Hope Star from Hope, Arkansas on December 2, 1941 · Page 2
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Hope Star from Hope, Arkansas · Page 2

Hope, Arkansas
Issue Date:
Tuesday, December 2, 1941
Page 2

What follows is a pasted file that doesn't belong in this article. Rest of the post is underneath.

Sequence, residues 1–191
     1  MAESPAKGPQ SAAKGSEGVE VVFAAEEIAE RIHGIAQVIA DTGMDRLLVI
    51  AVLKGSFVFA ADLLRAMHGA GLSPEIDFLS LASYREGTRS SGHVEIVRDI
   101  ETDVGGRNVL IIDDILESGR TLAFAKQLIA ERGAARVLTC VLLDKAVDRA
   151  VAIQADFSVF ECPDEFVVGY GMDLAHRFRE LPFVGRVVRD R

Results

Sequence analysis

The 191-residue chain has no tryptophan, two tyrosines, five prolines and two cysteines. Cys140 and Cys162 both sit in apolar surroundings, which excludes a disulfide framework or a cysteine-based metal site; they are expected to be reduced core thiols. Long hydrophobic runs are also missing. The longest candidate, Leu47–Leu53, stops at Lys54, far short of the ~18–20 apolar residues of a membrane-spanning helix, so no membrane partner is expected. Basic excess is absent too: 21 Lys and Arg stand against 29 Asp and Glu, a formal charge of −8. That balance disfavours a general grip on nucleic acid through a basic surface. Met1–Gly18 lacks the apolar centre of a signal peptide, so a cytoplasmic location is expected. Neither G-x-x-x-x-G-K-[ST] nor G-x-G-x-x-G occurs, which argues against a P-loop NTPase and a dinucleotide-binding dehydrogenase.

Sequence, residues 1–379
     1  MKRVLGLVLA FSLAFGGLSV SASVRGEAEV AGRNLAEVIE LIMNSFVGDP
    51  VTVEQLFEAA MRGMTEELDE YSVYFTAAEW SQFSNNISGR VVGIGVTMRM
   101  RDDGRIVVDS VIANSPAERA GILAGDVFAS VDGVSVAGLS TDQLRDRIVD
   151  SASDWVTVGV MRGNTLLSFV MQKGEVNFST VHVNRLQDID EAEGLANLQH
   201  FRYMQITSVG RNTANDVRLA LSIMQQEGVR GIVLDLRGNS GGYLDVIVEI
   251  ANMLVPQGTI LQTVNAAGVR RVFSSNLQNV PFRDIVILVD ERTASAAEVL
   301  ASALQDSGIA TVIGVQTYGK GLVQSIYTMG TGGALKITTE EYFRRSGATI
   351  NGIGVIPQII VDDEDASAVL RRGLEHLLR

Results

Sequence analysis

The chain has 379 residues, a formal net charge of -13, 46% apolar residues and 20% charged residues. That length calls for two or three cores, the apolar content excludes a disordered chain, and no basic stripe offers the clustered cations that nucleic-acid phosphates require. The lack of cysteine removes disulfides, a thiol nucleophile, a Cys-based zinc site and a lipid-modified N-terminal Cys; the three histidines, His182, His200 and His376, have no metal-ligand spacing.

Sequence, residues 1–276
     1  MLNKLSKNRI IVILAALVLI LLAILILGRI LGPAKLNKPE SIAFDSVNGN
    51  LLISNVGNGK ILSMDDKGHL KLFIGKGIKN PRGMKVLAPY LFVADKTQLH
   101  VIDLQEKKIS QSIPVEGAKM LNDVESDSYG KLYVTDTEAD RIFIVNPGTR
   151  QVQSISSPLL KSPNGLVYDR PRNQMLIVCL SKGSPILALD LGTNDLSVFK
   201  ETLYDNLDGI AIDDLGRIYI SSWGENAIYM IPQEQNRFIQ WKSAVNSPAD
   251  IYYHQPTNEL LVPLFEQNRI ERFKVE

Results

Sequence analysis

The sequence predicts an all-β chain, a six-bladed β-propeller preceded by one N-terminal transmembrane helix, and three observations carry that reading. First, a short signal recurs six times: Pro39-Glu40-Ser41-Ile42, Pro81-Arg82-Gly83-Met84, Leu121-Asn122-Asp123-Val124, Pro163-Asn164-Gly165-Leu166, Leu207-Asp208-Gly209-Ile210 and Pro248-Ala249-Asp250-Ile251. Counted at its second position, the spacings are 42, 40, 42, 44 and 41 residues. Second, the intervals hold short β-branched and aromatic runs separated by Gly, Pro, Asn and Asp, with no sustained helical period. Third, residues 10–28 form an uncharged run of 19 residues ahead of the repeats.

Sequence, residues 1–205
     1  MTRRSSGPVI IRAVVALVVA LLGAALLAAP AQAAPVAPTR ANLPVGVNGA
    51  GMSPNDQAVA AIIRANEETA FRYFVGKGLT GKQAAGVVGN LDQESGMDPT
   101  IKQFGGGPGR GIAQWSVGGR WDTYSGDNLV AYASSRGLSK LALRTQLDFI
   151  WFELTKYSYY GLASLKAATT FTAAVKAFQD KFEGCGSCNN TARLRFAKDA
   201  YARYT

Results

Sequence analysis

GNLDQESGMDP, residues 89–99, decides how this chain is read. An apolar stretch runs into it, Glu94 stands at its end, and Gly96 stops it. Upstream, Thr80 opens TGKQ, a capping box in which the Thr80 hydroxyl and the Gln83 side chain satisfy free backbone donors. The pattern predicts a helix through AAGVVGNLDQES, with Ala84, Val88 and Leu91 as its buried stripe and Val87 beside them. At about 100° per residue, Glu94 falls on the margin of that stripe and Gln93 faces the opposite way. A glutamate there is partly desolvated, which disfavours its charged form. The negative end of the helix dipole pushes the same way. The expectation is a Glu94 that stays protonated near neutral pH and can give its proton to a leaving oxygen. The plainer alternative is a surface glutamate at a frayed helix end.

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OUT 00ft By J,R, William, reasurer Is No. 1 Salesman of .Defense Stomps JACK STINNETT —pitat comment: [though Secretary. 6f*the Treasury "" l " HI, is the tfy. 1 salesman of —iVlfig stamp* and bonds, he r ? evert dell himself rt two-bitter. 1 not that his sales talk isn't con- ng, even to the secretary, but against the law. It sfeems that back in the 19th cen- f one of our secretaries did n government bond buying at the i of 60 cents on the dollar and sold i at par. After deliberating that for 0 ._-ae years, congress in 1889 came to ^the- conclusion that such tactics were* 't strictly on the Up and up and assed a law that no secretary could r ,j. -ftll himself government securities. I-- 11 That's why Morgenthau, in spite of Ipeing the Nation's No. 1 bond sales"Tian, is his own worst prospect. Y , j Proof of one of governmental Wash- wAington's worst employe shortages is •Hhe way that the Civil Service Com' Sion'has lowered the requirements stenographers and typists. It's r< _ m now,'according',to an official |j3»ho is supposed to know about such ^things to such a point that a 16-year- S.old student in high school typing can "—'-«- for some of the jobs. commission's figlit to keep , lju I the demand for typists is des- Sfeperate. Ailthough more than 100,000 P iave taken the tests in six months or ^so, the list 1 of "availables* 'is reported'" r decreasing. An interesting phase of the shortage that only about 50 percent of the I'eligibles offered jobs in Washington r;wj]l accept them. The reason general- |fsly given is that stenographer's and V; typist's .pay isn't sufficient to meet '^the Washington h. c. 1. >4?•> Uncle Sam has a standing reward JfV** ?^5 for the apprehension of all de- l^serters from the Army. The catch in R.jj'ft is that deserters have to be turned V|;over at the post from which they de- '•^serted to get the full $25 and no ad- diional fee is paid for keep, cost of ar- to come lT HURTS MS TO BUT sMe ALLU$ LECTURED ME ON HOW NEAvT VOU ARE, HOW POLITE'J HOW GLEAM VOU WIPE YOUR: FEET, OR SLJMP'KI, ALLUS SUMP'N/ SO VOU WAIT OUTSIDEi WILLYA? WISH I. WAS MORE OF A GENTLEMAN, I WAS OF A BUM/ NOW/ WAIT, DOWT GET WAIT/ WAIT DON'T GO ARE MADE, NOT BORM /2-2 We,theWomen Let "Civilian Morale" .Begin in the Home ' * By RUTH MILLETT What does this term "civilian morale" we're hearing so often ' really mean? What does it mean to us women? • We know what is meant by "morale" when it is used in connection with soldiers. But what does it mean when applied to the rest of us? Well, let's reduce it to terms o£ one individual, 'Mrs. Jones,' and may- how " aPPV.es to ------ *-*»-vv;nueu. Army doesn't hind out any gtfigures, but it is known that there ;has been no appreciable increase in ' the number of boys going A.W.O.I. It N 8 been Pointed out several times the dratt army starte d training actual desertions are comparably than ever before. - not a matter of priorities— but Dentists and doctors from some areas feare complaining of a shortage in cer- |.tain medical supplies, because the e ~ be we can 'By the way, whatever became of „•• e "' T fetbat threat that the boys were going -, „ J ° nes , TU ™ a house and a fam ;'"over the hill in October," if the draft J^- , N ° tlo » al Defense has already l .jwas extended? It was extended | touched her life in numerous ways. Most important, of course, is the fact that she now has a son in the army. In a less important—but still serious way—Defense has touched her pocketbopk. It seems to her that everything she buys today costs more than it did a few months ago. And yet the allowance on which she runs her house, feeds and clothes her family is just what it has been for some time. Defense has touched her life outside her family, too. She has been faced with the problem of whether to go on spending her leisure at bridge tables, or whether to volunteer for instruction in some of the defense courses. . . She's Doing Her Best Mrs. Jones isn't going around wailing because "poor Dick" was taken into the army just when he was going good in a new job. She hasn't encouraged pick to feel sorry for, himself, either. Instead she has let him see .that she is, proud of him, and thinks what he i.s doing is impor-•' tant. • • When he gets her letters at camp he is more-rather than less—satisfied than he was before. He's not mama's-boy-who-has- had-a - tough - breok-and-isn't-it-n-shame? He's a man doing a man's duty, The "high cost of living" hasn't got Mrs, Jones down, either. She has had to start economizing pretty closely—but she doesn't talk about it all the time. She doesn't ruin her family s meals by grimly reporting at the table that pork is up another two cents a pound. Arid she hasn't once said to her WANTED CAST IRON SCRAP ' 75 Cents per Hundred Pounds Paid ARKANSAS MACHINE SPECIALTY CO. Hope, Arkansas WHO WANTS A SLIGHTLY - USED SPINET PIANO? Drop ' Us a Card This Piano is available at a sacrifice price. 'Cash or 18 months terms arranged. P, O. Box 142 - Texarhana, Ark. GUILD "MIRROR PICTURES "It's done with mirrors." True enough, but It resulted in a fine snapshot, Show your individuality by taking unusual snapshots. Army is buying up such vast ouan- tities. Name of the week: U Saw, prime minister of Burma, who stopped over here on his way home from a visit to Winston Churchill. The gentleman's name is really just Saw-nothing more nor nothing less. The U is a term of respect, LOCAL DRUG FIRM GETS AGENCY FOR HOYT'S COMPOUND IT'S the unusual that attracts attention, and it'a only necessary to use your eyes plus a little Imagination and Ingenuity to ferret out i exceptional views and angles that lead to pleasing photographs. Perhaps you've never taken mirror pictures, and, U this be the case, you've missed a number of opportu- pities for interesting effects. Probably the most Important point of technique when taking pictures of tills type is correct focus. When picturing the reflected Image only, It is necessary to add the distance from the mirror to the pubject to the distance from the mirror to the camera lens. For example, suppose the subject Is three feet from the mirror, and the camera six feet from it, Then three plus six feet gives a total of nine feet—the distance for which you should focus your camera. In most cases you will want to show both the subject and the reflection, and It Is desirable to have them both sharp. To do that, place the subject quite close to the mirror and focus for the mirror itself. Then take the picture with the lens set at a small lens opening—it/16 or f/22. This is advantageous even 'if it means a longer exposure, f(jr it gives greater depth of field 'and makes it easier to get both subject and reflection in sharp focus.. , Care must a)so be exercised JD plauing your photo lamps, To .illuminate the subject In front of tha mirror, place one light quite closq to the wall on which the mirror hangs. The other light may bq placed near the camera to give general illumination. Watch that neither lamp reflects In the mirror or shines Into the camera lens. Of course, you'll also want to be sure thnt thq camera doesn't show In the mirror, There are mnny possibilities for fun with reflections. Show a person carrying a tray with a mirror bot torn. By the proper choice of camera position, you can obtain not only the Image of the subject, but also an upside-down reflection. You'll 1)0 surprised at the interesting effects) you will get In working out such "stunt" pictures, and it Is such in- genuliy that yields unusual pictures) that show individuality, John van Guiltier Urge Shipment Of This New Medicine Has Arrived At the John S, Gibson Drug Store f JWce Officer W. R. Thomas of 2303 .West Second Street Amarillo, Texas, ^Steles: "For 25 years I was employed fey railroad companies and fur the two years have been with the riUo Police Force. For a long I had spells of indigestion. 1m- P| jpedfateJy after peals, my food sowed n»y stomach anii there was a sour Ste in my mouth. Gas formed in my c .stomach causing pressure around my (ijjjpsjrt. My stomach fej.t Jjke Ihere was : > W$ soM lump in it. I had dizzy jay knees, arms and shoulders me terribly. At times I could w^k. My kidneys bothered a (great deal and I had to arise ral times each night. "J decided to try Hoy't Compound a,nd /low I »m no longer bothered with Indigestion and can eat any-l')ta£' H°yt's is a wonderful medicine ^j^J the results from it are almost «nb*]ifcvable. My kidneys are func- K i .tioning normally now, and J rest un- f n, Jtfjjrturbed through the night. The • sjisery is gone from my shoulders and • qma, nod I can walk as fast as I AJK. W.«. THOMAS without my knees and legs bothering roe. I feel like an entirely different person. I am happy to make this public statement hoping that othert niuy read it arid b.e benefited by th? use of Hoyt's!" If you, too, ore suffering from a similar cause, why not come to the Jolm, H. Gibson Drug Store today and get a bottle of the new medicine. Hoyt's Compound is also sold by druggists everywhere. Be sure to get genuine Hoyt's Compound. Accept no substitutes. Edson in Washington OFF Has No Office, No Facts, No Figures WASHINGTON - The newest a-(S>- gency in the defense setup, the Office of Facts and Figures, was a month old last Nov. 23, and to that , it consisted principally of a head i unning around with its chicken cut -.iff. The head is competent enough- being 49-year-old Archibald MacLeish, who rose from private to captain of field artillery in France during the last wai-j is a Yale graduate, a Harvard lawyer, a Pulitzer prize winner in poetry in 1932, a contribu- 'or to many magazines and since 1939 the librarian of congress. But it takes time for even a gentleman soldier and scholar of the MacLeish caliber to organize an Office if Facts and Figures. To date, OFF has no offices, has no facts, has no .'igurcs. It has an emergency allot- husband, "I just don't see how I'm ?oing to manage on my allowance." She's managing—with a minimum oi talk and complaints. And she has decided that she can not afford to waste all her leisure on women's bridge parties and aimless tens. So she is busy these days learning first aid, knitting, rolling bond- ages, and helping in a school hot lunch program. In short, Mrs* Jones' morale is splendid. That is, she is making the best of the job she has to do. ment from the presidential executive funds, and it is trying to prepare a budget for submission by Dec. 1. OFF is to have an advisory committee, but so far the only Uesignee ,is Lowell Melletl, head of the Office of Government Reports. OFF is supposed to have a staff—MacLeish wants to keep it small—but so far the only member is Capt. Robert M. Kintner, a former newspaper columnist. In this somewhat negative lineup of facts and complete absence of figures, thnro has been considerable Washington speculation as to why OFF was organized. Like all the inaccurate statements circulated about the Office of Government Reports, there have been wild guesses that the Office of Facts and Figures was to be a super-propaganda agency or a board of censorship. These Mac- Lei.sli denies. The absence of any clear cut explanation of just what OFF will do is explained simply by the fact that tho director himself doesn't yet know. YVlial the Boss Said The presidential order creating OFF assigned to it in general terms the job of formulating programs designed to spread an understanding of the defense effort and to advise government agencies concerning the dissemination of such information. As MacLoish sees it, the people of a democracy are entitled to know Would Collapse in Ten Years Government Constructing Buildings That Won't Last By JACK STINNETT , WASHINGTON - It isn't discussed publicly but I can assure you that the government Is out now to build some buildings so 'they WON'T last. These nrt> the temporary buildings, designed to take cure of tho vnst overflow of government workers now here to see that the national defense pro- grflm moves conslnnlly forward. This idea of constructing temporary buildings so they will bo temporary,,,arid nothing more is not tho whim 'of any contractor out to mnke n pot of 'dough off the government, t comes right down from Mr. Roosevelt himself. As n matter of fact, the plan of building "temporary" office build- ngs'so they will fall down about the time the emergency is over isn't, something thnt the President bns just though't up for the present emergency, either. He has had thnt idon for nearly a quarter of n century. Tho two most famous "temporary" iiiildings in Washington nre the Navy nnd ,Munitions buildings (housing a gonepus. portion of tho Wnr department). Ugly, throe-story, gray, twin structures, they stretch for blocks along Constitution avenue nnd nro an eye-sore to the Mall. Tho Mail could be the most beautifully landscaped gridiron of roadways in the world. At its cast end is Capitol Hill. At its east end is Capitol Hill. At its west, a couple of miles away are tho Washington monument and the Lincoln Memorial nnd bctweon them the long Reflecting Pool. A network of roads leads from one end of the Mall to the other and flanking these whnt the government Is doing, and ho believes the people c:m be trusted with'this information, subject only to the limitations of giving out mi- Itary informnlon of value to nn enemy. MacLesh feels those reports should bo made without distortion, nnd thnt the dangers of nny situn- Uon can bo pointed out ns well ns tho good things. Ho is, fortunately, opposed to the "psychological bedag- zlement," ns ho calls it, which thp information services of some other governments have used by withholding or corrupting the free flow of information. And he is opposed to nny morale campnigns which attempt to mako the people feel thnt everything is just dandy by poulticing their souls with propaganda. Could Co-Ordinnte One job for OFF will be editing existing information services, hunching them, seeing that they all work together. Mac.Leish has no intention of passing on government information handouts or announcements and okaying them before they nre issued. Finns may be made for future programs for the various defense agencies to follow, nnd ndvice given ns to how the programs can bo handled. Office of Facts and Figures, however, Jin.-; no authority to tell nny agency it must do something. Jt is n consulting body only nnd it reports only to the President, who alone retains authority to (ell tho administrative dopa'rlmonts of the .government what to do. And of course it's too much to expect that OFF would ever decide thnt some government 'program is lousy, outworn, or wasteful and that the people should be told about this ex- travagnnce so it could be discontinued. Legal Notice NOTICK OF REVISION OF ASSESSMENT Notice is hereby given that the Board of Assessors of Street Improvement District No. 3, of Hope, Arkansas, will meet at the office of L. Carter I Johnson, second floor of the Arkansas Bunk & Trust Company building in the City of Hope, Arkansas, at 10 o'clock A. M. Tuesday, December fllh, 1911, for Hie purpose'of revising and readjusting the assessments of benefits against the real property in said district. Any person desiring any revision or readjustment of his assessments, or any change in values, for improvements erected or removed, or any change whatsoever, may appear before the Board and make application therefor and same will be. considered. This'25th day of November, 1941. Polk Singleton, Eugene White, Carter Johnson. Board of Assessors. Nov. 20, 29, Dec. 2 IN THE HEMPSTEAD CHANCERY COURT MARGARET QUAYLE Plaintiff VS. NO. 5050 DR. W1LUAM A. SNODQRASS, ET AL Defendants WARNING OKDEU The defendants, Mrs. Myra Walker, Mrs, Paralee Kooncc Jennings Mrs Kate G. Gullick, Willie Green, Mrs. Willie Green, Mrs. Mary Mozelle Barton, Mr. John D. Barton, Mrs. John D. Barton, Mr. Frank P. Barton, Mrs. Flaucie Barton Pago, Mr:;. Maggie Lewis Barton O'Neill, Mrs. George I,. Barton, Mr. Frank L. flarton. Mrs. Trank L. Barton, Willie Kenneth Barton, Mrs. Georgia Phillips, Mr. Ambrose Phillips, Mrs. Ambrose ?J)iJJirs, Mrs. Hazel Phillips Johnson, Vlrs, Bessie Phillji.-, 'Smith, Mr. Wiliam H. Gray, Si-., Mrs. Ha/.c-l Elizabeth Butts, Mr. William H. Gray, Jr., Mrs. WiJIiain H. Gray, Jr., Mr.' John Thomas Wysc ill. Mis. .John Thomas Wyse IV, Mrs. J. W. (Siidit-J Phillips, and Mi'fi. Muxine Phillips Manuel, and 'UC-h of UK-HI, ;JIT warned to appear the Hempslcud Chancery Court days and answer the pluinliff, Margaret vithin thirty complaint of Quay I e. Witness my- hand as Clerk of s Ipurt and the .seal thereof, on t 4th day of Novel nbi>r, 1U41. J. P. BYERS Clerk of Hrmpstead , Chancery Court Nov 25, Dec. 2, 3, 1C streets are the Vast departmental nnd other governmental buildings. Some are old, some nre ugly, some nre new and beautiful, but oil nre Impressive—all snve thoio squat little "temporary" buildings that were flung up during World Wnr 1 nnd hnve re- mnined ever since. They nre ns conspicuous ns nn out-fo-step West Pointer in n nowsrccl review. When they wcfe being, planned 24 years ngo, young Assislnnl Secretary of the Nnvy Frnnklin D. Roosevelt nnd tho vision to see this. He wanted tho buildings built so they would full down In seven or eight years nl most nnd when nobody npplmtded his foresight, ho suggested thnt they bo built on the south lawn of the White House. Thnt, ho felt, would nssurc their tcm- pornrlness. President Wilson objected, not on tho wisdom of making them tempornry, hut because he fell that no President could work with so much noise going on just outside his window. There hnsn't been the least hint thnt President Roosevnll still feels the some about cluttering up the south lawn, but there has been more thnn n hint thnt he feels the same nbout 'temporary" eyesores mnrring tho nn- tiounl capital's beauty in the years when peace has come Again. Thnt has the architects nnd construction engineers fretting over their ilnns and It is likely some of the new temporary structures nuthori/cd by congress will bo .built without stone or steel—little more than elongated LIBRARY NOTES Fulton Among the mnny Interesting nnd educational books now in the Fulton Public Library arc, Adult: "The White Cliffs" by Miller. A poem which expresses completely and beautifully whnt mnny Americans feel about England In this dark hour. "Exit LnughinB" by Irvln S. Gobi). A laugh- shanties thnt will fall to the storms or termite* before n decade is two- thirds done. • ^ Under construction now are n series of low "temporary" buildings In the morning shadows of the Cnpitol, but n block south of the Mall proper. Some of these are to house offices of the Nnvy. (The Army lins its brand new nnd pretty nice stone office building nnd n good many other pormn- iipnt structures around Washington, but the Nnvy scorns always to be drawing "temporary" ciunrlors.) These buildings hnve some concrete, but I wouldn't call them permanent. 1 do not think the Pre'sldent would either—or he never would have okayed the plans. An interesting sidelight on this "lemporory buildings" business is just how long docs the President think tho buildings will bo necessary. You will mwpr find Hint out for certain, but the closest I con get is something more Ihnn five and something less than ten years. Ing, keeping, gay, thrilling autobfo-' graphy, bi ought but in a lovely, sun* ny, Southern way. fr Juvenile; "A Son of the First People" by Arnold, A lively, vigorous adventure story; "Twin Kids" 'by Fto-< gnrij "Our Little Friends in China" by Carpenter. A slory of two children who live in china, Book-week was observed at library. Also interesting mops and pastors were on display ilhifltratintf "American Guide Week." . Automotive Leather Into the production of overy minion automobile goes 1,500,000 square feat of lonlhor for making upholstery nnd hide-glues. This leather comes from 30,000 head of cattle. c Real Silk Hosiery 16Q 1.95 SILK HOSE $ Per Pair . . . NYLON HOSE $• Per Pair . . Also— Slips, Underwent-, Gowns, Elc. SPO or Coll HENDRIX A. SPRAGGINS Telephone 633-J NOT FOR DIM-WITS This newspaper is not printed for a bunch of sheep to read. Like all American newspapers, it is published for people like yourself who are smart enough to vote, to govern themselves, to manage their own personal affairs. In this newspaper you will find a great many FACTS. You will like some facts, dislike others. Also, you will find many conflicting OPINIONS printed here. Hitler's opinions—and Roosevelt's. Pro-war and anti-war opinions. The opinions of murderers and of mothers. And the opinion of the paper's own editors. If you weren't free to accept or reject OPINIONS you wouldn't be free at all. The story of a fire is fact and opinion as a reporter saw it. Sermons are facts and opinions in favor of religion; advertisements are facts and opinions in favor of some product or service. Pictures of Yellowstone are facts and opinions in favor of vacations and travel. Your job, as an intelligent citizen, is to recognize the facts, weigh the opinions, take the good and pass the bad by, * * * t Here is a simple illustration of FACT and OPINION. It may help you to tell them apart in your newspaper, which must, of course, give you BOTH. THIS IS A CAT. Cats are a FACT. The paper didn't just imagine them—they EXIST. "The cat ate the canary," said the detective when he saw the feathers on the cat's nose and the bird was missing, "Down with cats," said the Cat Haters Society when it heard the news. Such reports would be OPINIONS if they appeared in the paper. Don't be too quick to accept every opinion that comes along. There are nearly always opinions ON THE OTHER SIDE usually appearing in the same paper, What newspapers are for: American newspapers lay facts before you. Then their editors and many other people give you OPINIONS of ALL kinds, The rest is up to you. We WOULD be a nation of dim-wits if America had to have some overseer to decide WHAT facts and WHAT opinions its newspapers might print. Every citizen in America is given the right—and the duty, too—to make up his own mind from all the FACTS and the OPINIONS that are within his easy reach. In Germany, Italy, Russia, Japan, a government agency decides what the people shall read and hear. Not so in America. Do your part to preserve the American way of life. O 0 CJ p?, each Tuesday in this space/ the messages afcoyj your liberty and how America's newspapers help you defend it. Your letters oi comment will be appreciated by the editor and Jb/ this committee— Newspaper Publishers Committee, 420 Lexington Avenue, New York City,